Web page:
Hover over the image to see the image number followed by the date when the image was produced.
Click on any image to see its full entry.
Read about the history of the Chain Pier
There are details about the Chain Pier in several entries:
The Packet Ships which sailed from the Chain Pier BPC00072
The construction of the Chain Pier is described on the image in BPC00106
What promenading on the Chain Pier was like BPC00084
The waterwheel beside the Chain Pier BPC00099
The storms which damaged the Pier BPC00076
Changes to the Chain Pier entrance BPC00069
A description of the eastern pedestrian entrance BPC00481
The plan to build a harbour around the Chain Pier BPC00476
How to date images of the Chain Pier BPC00082
See the Dividend Payment Certificate from the ‘Brighthelmstone Suspension Pier Company’, incorporated by Act of Parliament in 1822 BPC00103
About images of the Chain Pier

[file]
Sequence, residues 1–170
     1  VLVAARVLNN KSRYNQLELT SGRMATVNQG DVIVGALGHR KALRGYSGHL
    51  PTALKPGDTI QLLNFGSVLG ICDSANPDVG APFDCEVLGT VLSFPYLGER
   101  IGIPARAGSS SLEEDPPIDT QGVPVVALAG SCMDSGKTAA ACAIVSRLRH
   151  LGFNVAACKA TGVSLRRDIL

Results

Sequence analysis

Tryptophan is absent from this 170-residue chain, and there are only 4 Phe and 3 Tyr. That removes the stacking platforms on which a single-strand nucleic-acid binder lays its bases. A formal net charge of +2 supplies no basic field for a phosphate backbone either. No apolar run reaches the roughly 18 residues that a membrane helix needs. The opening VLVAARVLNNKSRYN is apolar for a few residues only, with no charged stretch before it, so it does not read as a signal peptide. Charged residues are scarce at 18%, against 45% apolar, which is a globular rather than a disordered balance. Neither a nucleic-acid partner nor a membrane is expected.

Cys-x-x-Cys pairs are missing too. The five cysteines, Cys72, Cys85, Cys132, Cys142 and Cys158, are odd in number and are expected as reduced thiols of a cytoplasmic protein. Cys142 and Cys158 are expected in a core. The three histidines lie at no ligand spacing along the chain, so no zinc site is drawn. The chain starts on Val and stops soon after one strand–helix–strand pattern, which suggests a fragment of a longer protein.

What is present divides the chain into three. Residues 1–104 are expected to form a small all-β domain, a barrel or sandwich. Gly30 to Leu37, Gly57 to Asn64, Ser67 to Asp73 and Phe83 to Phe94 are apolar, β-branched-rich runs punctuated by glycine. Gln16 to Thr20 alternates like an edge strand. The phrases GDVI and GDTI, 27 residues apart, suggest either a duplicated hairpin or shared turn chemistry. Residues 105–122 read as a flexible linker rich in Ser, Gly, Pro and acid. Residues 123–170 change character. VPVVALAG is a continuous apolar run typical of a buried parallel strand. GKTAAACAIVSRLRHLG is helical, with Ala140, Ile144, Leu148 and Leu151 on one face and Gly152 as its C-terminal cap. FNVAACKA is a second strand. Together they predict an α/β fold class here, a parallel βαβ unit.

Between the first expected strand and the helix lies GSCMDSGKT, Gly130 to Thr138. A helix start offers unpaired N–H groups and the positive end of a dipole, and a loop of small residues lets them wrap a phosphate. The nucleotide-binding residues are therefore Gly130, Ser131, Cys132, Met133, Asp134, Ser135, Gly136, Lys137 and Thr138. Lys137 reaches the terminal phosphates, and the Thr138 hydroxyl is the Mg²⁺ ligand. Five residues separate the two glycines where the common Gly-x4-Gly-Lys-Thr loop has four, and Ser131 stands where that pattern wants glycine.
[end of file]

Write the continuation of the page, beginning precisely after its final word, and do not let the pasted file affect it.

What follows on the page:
The bulk of the Chain Pier publications were in the 1820s and ‘30s. By the 1850s the market was nearly saturated, with very few new prints published in the ‘50s and ‘60s. The exception appears to be the two views produced by J.M.W. Turner, one of which was not published until 1859, with re-prints up to 1880. The other view, with the well-known ‘rainbow’, was first published in 1825 but had re-prints taken from the re-engraved plate up until 1892 (the pier having been closed in 1889 on safety grounds). While there are a lot of prints of the pier, these images do afford a great variety of views along the east and west cliff developments, and of the sea shore.